These can all be mapped to timeliness; both in terms of how long they take to create and their editorial time-life. The more timely a piece, the shorter it takes to create and the shorter the shelf-life.
Rolling news: timely, short shelf-life.
Editorial: timely, long-form, short to mid shelf-life.
Op-ed: Long-form, mid shelf-life.
feature: Long-form, long shelf-life.
Publication schedules are often focussed around this creation with journalists having several pieces of the different types in various degrees of completion to various deadlines focussed on different stories. This is a comfortable mental model, one that newspapers have been arranged around for decades. But it isn’t necessarily how users of websites look for content. Users will not typically look for a type of content, but will look for a context of a story first: the topic.
The new information architecture of the Al Jazeera platform has been built around a topic-first approach. But also, the modular content and design allows for the rapid changing of display of the news as a topic or news story moves through the various content types. It’s a design system, connected to a CMS that accommodates what news naturally does. It changes.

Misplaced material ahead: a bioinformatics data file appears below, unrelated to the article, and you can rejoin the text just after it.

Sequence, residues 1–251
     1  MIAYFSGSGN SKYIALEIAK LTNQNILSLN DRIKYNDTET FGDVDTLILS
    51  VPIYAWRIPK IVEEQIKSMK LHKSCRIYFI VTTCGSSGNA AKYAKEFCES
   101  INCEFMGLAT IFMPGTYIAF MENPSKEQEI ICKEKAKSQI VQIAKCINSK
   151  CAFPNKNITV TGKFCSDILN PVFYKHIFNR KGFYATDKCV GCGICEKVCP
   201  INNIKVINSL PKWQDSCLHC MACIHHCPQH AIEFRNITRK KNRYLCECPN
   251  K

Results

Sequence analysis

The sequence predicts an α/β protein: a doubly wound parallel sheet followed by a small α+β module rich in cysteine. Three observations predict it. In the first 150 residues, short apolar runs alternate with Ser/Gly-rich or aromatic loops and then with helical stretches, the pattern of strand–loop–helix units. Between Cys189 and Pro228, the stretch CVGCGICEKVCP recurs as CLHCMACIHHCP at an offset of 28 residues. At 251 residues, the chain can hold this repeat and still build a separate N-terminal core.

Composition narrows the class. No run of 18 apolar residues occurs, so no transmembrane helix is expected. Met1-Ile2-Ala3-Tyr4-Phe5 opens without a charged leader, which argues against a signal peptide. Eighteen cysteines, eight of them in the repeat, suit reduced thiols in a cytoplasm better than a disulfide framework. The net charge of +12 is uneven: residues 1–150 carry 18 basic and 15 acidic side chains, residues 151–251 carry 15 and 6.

The Design System
The whole platform is built on top of Gridset using modular design principles. The content is modular and multifaceted, designed for re-use, as is the design. For years now at Mark Boulton Design, we’ve not designed websites, but an underpinning design system with naming conventions, rules, patterns. This is particularly useful when many CMS software thinks of content objects in this way. Our systematic thinking can applied all the way through CMS integration. Software engineers love designers giving them rules.
It’s funny, we seem to have just discovered this in web design, but many other design disciplines have been approaching their work in this way for decades. Some for centuries. Take typography, for example. The design process of creating a typographic design is systematic thinking at its purest. Designing heading hierarchies and the constituent parts of written language can be approached in an abstracted way. This is exactly the right approach when designing for other languages.